Ancient Egyptian farmers wore loin cloths made of linen, crafted from softened and beaten flax fibers that were spun into thread. Sandals were only worn for special occasions or when feet needed protection. The poor used papyrus or palm fronds to make sandals, while the rich wore sandals of leather.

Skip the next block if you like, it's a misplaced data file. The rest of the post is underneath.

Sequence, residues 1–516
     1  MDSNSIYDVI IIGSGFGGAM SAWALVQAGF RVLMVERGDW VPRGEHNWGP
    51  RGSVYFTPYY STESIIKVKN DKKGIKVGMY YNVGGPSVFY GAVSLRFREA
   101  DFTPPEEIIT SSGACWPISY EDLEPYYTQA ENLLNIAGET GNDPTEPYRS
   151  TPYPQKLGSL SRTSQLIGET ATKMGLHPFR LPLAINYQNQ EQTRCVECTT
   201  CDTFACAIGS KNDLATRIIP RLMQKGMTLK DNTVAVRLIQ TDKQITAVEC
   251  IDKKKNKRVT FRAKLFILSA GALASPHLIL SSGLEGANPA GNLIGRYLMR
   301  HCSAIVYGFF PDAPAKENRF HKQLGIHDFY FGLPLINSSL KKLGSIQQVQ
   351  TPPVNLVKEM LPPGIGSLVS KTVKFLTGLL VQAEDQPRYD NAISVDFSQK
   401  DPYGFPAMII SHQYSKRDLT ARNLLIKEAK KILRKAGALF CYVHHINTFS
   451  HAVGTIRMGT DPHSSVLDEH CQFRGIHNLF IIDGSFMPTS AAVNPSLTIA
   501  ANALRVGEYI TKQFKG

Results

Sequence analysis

Due to religious beliefs regarding animals, Egyptians did not wear clothing fashioned from animal skins or wool sheared from sheep. Linen cloth was cooler and more appropriate for Egypt's warm climate. Egyptians were one of the first cultures on earth to use farming techniques. Flax, emmer wheat and barley were among the first grains cultivated in Egypt. Emmer wheat was used for bread and in the brewing of beer. Originally, it was too difficult for farmers to dig furrows in the heavy, clay soil near the Nile River, so they poked holes in the ground with a stick and dropped in individual seeds. The plow, drawn by oxen, was in use by 3000 B.C. While the male farmers directed the path of the plow, women followed directly behind scattering seed in the furrows. Animals were then allowed to trample the seed into the ground. Peasants worked for the owners of the land they were born onto until their deaths.